Here is a (non-exhaustive) list of safe low-FODMAP foods you can eat when following a low-FODMAP diet:

  • Unprocessed meats (most meats other than sausage)
  • Seafood
  • Eggs
  • All fats and oils
  • Butter, in moderation
  • Hard cheeses
  • Aged softer cheeses, like brie and Camembert
  • Lactose-free milk, such as almond milk or rice milk
  • Most spices, besides onion or garlic
  • Lemons and limes
  • Blackberries
  • Blueberries
  • Grapefruit
  • Strawberries
  • Oranges (not juice)
  • Red and green peppers
  • Cantaloupe
  • Carrots
  • Chives
  • Kiwi
  • Leek leaves
  • Parsnips
  • Zucchini
  • Pickled gherkins (no onion or garlic)
  • Lettuce, arugula, collard greens, and spinach
  • Tomatoes (as long as you’re not nightshade-sensitive)
  • Green beans, in moderation
  • Corn and corn products (not high fructose corn syrup)
  • Quinoa
  • Rice
  • Seeds
  • Coffee (no dairy additives)
  • Green tea
  • Clear spirits (such as gin and vodka)
  • Water

Benefits of a Low-FODMAP Diet

The benefits of a low-FODMAP diet may include:


Will a low-FODMAP diet reverse IBS?

A low-FODMAP diet may reverse IBS temporarily. Once you finish this elimination diet, you and your provider can formulate a long-term diet plan with the aim of permanently reversing your IBS.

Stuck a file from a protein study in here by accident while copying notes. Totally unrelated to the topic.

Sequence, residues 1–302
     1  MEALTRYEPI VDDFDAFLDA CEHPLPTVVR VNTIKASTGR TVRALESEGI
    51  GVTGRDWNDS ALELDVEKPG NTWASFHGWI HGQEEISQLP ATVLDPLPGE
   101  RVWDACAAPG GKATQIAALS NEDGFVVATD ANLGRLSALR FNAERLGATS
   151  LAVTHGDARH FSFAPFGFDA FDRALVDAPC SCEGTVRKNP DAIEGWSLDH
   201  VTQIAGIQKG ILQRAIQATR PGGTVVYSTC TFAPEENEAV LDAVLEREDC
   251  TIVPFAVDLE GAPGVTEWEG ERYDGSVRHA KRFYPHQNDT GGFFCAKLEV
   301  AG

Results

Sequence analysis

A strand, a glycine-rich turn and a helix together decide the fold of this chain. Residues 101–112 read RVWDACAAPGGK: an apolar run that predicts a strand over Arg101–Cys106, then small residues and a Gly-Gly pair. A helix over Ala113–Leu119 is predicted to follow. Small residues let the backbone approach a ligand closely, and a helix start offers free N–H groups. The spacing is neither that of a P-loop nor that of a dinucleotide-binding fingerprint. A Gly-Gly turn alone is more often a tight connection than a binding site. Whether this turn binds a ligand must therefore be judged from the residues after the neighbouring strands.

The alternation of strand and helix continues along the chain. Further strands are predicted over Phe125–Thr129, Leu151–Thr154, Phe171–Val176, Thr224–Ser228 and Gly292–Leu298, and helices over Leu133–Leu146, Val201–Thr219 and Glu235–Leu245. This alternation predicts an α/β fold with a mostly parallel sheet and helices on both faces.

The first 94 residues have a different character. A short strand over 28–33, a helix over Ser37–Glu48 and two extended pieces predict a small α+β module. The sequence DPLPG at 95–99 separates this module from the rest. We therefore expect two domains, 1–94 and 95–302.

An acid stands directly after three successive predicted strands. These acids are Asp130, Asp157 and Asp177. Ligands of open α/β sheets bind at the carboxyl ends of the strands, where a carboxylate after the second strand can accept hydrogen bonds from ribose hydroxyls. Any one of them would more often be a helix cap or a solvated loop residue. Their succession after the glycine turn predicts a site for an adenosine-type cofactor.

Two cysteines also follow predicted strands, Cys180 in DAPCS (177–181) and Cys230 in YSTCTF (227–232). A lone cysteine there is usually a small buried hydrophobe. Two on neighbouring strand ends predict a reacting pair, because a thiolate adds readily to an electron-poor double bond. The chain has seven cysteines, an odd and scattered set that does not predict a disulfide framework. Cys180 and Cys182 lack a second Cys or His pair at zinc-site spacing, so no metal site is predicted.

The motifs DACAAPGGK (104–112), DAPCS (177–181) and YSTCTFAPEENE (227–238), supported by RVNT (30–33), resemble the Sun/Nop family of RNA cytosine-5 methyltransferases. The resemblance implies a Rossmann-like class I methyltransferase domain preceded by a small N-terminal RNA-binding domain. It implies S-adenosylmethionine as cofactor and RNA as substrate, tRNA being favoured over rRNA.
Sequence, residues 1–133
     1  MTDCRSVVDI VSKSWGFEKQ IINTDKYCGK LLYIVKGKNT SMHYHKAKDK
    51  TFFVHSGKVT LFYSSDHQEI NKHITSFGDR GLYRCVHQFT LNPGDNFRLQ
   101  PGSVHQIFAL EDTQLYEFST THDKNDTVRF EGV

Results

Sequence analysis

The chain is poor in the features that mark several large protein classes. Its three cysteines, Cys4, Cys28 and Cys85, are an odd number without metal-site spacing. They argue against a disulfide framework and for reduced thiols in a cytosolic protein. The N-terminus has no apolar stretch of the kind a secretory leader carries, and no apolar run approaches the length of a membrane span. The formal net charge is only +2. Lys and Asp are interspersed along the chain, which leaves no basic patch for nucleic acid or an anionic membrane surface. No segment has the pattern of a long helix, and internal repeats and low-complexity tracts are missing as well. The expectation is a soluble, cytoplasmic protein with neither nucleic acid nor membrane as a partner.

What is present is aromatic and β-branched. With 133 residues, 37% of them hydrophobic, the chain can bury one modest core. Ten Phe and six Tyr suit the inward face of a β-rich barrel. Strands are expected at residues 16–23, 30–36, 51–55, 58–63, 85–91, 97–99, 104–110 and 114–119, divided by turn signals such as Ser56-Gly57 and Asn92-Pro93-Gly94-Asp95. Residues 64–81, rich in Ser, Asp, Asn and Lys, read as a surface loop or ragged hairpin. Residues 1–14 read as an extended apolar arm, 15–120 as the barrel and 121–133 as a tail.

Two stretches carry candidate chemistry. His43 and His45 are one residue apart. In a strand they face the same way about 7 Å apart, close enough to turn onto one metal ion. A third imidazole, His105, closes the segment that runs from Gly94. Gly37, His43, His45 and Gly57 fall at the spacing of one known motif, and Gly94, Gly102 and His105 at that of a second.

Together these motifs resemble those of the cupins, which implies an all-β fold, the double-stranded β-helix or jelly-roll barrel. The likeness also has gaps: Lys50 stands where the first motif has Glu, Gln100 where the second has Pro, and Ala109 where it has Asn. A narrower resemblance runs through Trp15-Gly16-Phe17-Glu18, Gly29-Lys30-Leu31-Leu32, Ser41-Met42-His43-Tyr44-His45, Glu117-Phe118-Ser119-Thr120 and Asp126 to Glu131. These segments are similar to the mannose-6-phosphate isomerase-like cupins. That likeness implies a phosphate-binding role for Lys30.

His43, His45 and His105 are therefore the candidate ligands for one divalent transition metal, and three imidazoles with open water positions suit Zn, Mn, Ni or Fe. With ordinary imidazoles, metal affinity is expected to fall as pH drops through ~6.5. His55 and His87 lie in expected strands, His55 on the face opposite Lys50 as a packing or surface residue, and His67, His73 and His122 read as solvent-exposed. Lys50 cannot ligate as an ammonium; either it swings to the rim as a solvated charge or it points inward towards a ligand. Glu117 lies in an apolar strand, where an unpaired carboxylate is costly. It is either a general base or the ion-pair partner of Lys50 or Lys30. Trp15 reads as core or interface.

You can take other natural therapies, supplements, and preventive measures to prevent IBS symptoms.

Who should follow a low-FODMAP diet?

Only people with IBS should follow a low-FODMAP diet, and it may not be right for all IBS sufferers. Talk to your doctor or health coach about if the low-FODMAP diet is right for you.

This diet is not a weight loss diet. It’s for people diagnosed with IBS. Studies show that the low-FODMAP diet is safe and effective for IBS treatment.

Is a low-FODMAP diet safe if I’m pregnant?

A low-FODMAP diet is not recommended if you’re pregnant. Whether it’s safe is difficult to study, but most doctors agree that the baby should get whatever nutrition it needs.

If you finished the low-FODMAP elimination diet and are adhering to your personalized low-FODMAP diet (which is likely much less restrictive), talk to your medical provider about staying on that diet while you’re pregnant. In many cases, your personalized low-FODMAP diet will benefit you and the baby.

What are the FODMAPs?

FODMAPs stands for “fermentable oligosaccharides, disaccharides, monosaccharides and polyols.” Each of those words is described in detail below so you can better understand this diet:

  • Fermentable: Your gut bacteria convert certain compounds to gasses in a chemical process called fermentation.
  • Oligosaccharides: Soluble plant fibers (called “oligosaccharides” or “prebiotics”) feed the good bacteria in your gut. “Oligo-” means “a few,” so these sugars chemically consist of a few monosaccharides. Some people may confuse a sensitivity to oligosaccharides (such as fructans) with a gluten sensitivity.